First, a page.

N-Acetylation Analysis: A Key Post-Translational Modification

What is N-Acetylation?

The n -acetylation is a highly complex biochemical reaction that transfers the acetyl group (-COCH3) to the nitrogen atom of the amino group in the molecule. This process is commonly referred to as acetylation.

The acetyl group is the central molecule of the reaction and is derived from acetyl coenzyme a (acetyl- coa). Acetyl coenzyme a is an important molecule involved in various metabolic processes, such as the breakdown of carbohydrates, fatty acids and amino acids. It is involved in energy production and the synthesis of many biomolecules.

Enzymes known as acetyltransferases are responsible for catalyzing the transfer of acetyl groups to the nitrogen atom of amino groups. These enzymes are essential in the regulation of many biological processes, including gene expression, protein function and cellular signaling.

Schematic outline of N-terminal and lysine protein acetylation

Schematic outline of N-terminal and lysine protein acetylation (Ree et al., 2018).

What is an N-Acetyl Group?

The N-acetyl group, a functional moiety arising from the acetylation of an amino nitrogen, bears noteworthy structural features. It comprises a carbonyl group (-C=O), covalently attached to a methyl group (-CH3), both of which are tethered to the nitrogen atom. The molecular formula of the N-acetyl group, embodying the elemental constituents of carbon, hydrogen, nitrogen, and oxygen, is denoted as C2H5NO.

What is the Purpose of N-Terminal Acetylation?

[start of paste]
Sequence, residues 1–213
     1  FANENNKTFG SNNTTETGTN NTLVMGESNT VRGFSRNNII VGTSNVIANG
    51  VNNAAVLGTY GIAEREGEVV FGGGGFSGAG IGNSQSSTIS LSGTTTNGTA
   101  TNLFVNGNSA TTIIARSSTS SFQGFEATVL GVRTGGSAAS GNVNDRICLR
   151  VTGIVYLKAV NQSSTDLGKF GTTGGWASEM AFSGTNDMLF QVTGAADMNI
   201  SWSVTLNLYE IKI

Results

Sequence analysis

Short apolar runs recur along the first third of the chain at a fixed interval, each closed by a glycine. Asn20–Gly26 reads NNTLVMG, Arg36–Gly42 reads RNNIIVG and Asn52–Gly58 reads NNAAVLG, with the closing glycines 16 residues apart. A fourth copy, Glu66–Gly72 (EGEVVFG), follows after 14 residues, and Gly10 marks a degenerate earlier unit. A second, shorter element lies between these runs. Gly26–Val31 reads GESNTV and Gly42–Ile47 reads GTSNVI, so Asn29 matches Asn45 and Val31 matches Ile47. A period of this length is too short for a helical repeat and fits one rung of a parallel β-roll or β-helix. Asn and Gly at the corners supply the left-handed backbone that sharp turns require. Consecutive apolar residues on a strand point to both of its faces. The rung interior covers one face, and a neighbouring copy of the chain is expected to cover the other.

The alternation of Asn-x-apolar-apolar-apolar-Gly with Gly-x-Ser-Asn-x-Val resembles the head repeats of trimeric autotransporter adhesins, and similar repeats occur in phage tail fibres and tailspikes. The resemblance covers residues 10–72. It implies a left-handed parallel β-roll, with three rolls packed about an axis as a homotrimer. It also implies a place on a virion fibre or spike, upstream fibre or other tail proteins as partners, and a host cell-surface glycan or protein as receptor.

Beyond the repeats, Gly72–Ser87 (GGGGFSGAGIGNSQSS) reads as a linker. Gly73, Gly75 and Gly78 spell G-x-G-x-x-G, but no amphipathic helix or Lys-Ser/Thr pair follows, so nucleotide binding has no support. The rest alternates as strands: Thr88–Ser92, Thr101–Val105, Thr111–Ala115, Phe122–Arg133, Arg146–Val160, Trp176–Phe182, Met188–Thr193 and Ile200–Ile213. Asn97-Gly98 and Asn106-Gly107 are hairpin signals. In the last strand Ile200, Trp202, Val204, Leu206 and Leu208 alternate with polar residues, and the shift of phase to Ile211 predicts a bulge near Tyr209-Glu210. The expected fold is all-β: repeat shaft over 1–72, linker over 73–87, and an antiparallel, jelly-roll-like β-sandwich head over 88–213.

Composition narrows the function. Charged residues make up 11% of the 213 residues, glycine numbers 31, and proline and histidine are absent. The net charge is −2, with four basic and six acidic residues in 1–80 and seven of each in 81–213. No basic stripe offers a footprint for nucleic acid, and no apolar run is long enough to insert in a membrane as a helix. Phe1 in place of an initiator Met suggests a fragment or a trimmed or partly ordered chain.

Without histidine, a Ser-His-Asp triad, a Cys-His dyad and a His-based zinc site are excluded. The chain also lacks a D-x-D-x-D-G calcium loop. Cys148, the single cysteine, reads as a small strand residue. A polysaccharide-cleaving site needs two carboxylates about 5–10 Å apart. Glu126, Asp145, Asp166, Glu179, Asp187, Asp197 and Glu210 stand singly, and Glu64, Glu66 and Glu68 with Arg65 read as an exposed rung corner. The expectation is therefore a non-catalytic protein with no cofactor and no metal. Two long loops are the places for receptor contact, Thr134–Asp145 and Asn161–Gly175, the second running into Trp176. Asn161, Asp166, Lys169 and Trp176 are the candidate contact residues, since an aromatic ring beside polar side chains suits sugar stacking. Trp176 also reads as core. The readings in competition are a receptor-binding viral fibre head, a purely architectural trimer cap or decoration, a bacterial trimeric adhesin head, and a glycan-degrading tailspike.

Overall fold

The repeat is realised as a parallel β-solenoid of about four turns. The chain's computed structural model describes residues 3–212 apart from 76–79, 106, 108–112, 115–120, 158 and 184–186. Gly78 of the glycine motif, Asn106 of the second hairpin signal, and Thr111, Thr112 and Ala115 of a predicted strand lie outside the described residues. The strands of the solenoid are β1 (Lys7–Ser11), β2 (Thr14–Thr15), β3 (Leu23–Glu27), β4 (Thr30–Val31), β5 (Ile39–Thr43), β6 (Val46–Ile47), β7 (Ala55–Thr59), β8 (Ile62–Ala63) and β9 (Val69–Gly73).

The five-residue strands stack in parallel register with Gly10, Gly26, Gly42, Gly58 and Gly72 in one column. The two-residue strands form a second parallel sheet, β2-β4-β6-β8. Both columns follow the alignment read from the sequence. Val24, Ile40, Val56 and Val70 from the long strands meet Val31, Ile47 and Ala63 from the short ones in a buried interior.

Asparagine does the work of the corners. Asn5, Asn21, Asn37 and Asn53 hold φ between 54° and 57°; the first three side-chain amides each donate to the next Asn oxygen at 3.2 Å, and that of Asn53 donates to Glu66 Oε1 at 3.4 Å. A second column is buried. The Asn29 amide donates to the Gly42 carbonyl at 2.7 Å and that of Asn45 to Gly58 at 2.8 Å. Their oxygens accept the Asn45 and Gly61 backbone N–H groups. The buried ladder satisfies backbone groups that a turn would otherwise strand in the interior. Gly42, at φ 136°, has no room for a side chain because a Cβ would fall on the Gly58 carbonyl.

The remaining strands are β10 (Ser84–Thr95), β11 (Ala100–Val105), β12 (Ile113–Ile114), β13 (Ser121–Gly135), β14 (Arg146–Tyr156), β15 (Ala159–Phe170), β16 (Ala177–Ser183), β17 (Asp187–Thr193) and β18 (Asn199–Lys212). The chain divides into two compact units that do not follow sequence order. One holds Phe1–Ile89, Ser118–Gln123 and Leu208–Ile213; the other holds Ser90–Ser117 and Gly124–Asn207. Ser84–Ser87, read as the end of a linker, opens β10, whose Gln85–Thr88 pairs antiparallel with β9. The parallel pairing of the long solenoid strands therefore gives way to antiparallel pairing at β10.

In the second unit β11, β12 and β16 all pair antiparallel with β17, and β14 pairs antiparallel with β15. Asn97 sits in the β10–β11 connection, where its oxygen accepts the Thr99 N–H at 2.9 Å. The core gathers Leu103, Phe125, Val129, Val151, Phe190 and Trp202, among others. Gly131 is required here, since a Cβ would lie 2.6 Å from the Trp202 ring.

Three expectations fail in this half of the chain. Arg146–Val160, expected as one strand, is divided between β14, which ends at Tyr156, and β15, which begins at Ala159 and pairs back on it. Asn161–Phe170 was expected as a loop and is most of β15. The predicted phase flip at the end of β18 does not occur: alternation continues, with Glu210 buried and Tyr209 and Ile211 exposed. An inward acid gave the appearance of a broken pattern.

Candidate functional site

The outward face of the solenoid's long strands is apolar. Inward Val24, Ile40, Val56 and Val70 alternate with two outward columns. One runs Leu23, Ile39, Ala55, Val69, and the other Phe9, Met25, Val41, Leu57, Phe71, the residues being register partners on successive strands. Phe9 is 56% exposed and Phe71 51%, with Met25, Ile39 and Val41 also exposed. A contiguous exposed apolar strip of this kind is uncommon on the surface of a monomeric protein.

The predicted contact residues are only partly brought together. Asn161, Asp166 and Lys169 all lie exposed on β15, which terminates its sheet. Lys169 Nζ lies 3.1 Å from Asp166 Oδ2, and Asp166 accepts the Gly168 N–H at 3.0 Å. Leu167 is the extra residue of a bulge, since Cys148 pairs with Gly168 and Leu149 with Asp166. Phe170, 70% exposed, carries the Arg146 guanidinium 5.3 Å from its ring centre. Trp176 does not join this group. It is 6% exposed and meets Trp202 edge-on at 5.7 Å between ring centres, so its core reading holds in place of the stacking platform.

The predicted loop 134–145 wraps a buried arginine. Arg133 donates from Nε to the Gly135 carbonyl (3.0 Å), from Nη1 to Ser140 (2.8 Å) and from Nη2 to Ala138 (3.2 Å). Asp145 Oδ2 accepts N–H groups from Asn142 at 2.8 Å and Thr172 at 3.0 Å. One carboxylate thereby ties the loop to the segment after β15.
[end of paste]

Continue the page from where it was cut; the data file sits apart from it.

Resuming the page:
The intricate process of N-terminal acetylation, a subtype of N-acetylation, entails the transference of an acetyl group to the amino group at the N-terminus of a protein or peptide. This post-translational modification assumes critical functions in protein biology. For instance, it furnishes the protein with a robust shield against proteolytic degradation, thereby endowing it with increased stability. Furthermore, N-terminal acetylation augments protein-protein interactions, amplifying the chances of protein complex formation.

Another crucial role of N-terminal acetylation is linked to the intricate mechanisms of protein trafficking, cellular signaling, and gene regulation. Its involvement in these processes underscores its significance in cellular biology.

What is N-Acetylation in Post-Translational Modification?

Post-translational modification (PTM) refers to the modification of proteins after they have been synthesized. N-Acetylation is a common form of PTM that occurs in many different proteins and peptides.

N-Acetylation can have various effects on protein function, stability, and localization. It can also regulate protein-protein interactions and modulate enzymatic activity. In some cases, N-acetylation is essential for protein function, while in other cases, it is dispensable.

What is the N-Acetyl Amino Acid?

A prominent category of amino acids, N-acetyl amino acids, are subject to a transformative process through the attachment of an N-acetyl group. Amongst these modified amino acids, N-acetyl cysteine (NAC) - arising from the amino acid cysteine - remains the most prevalent.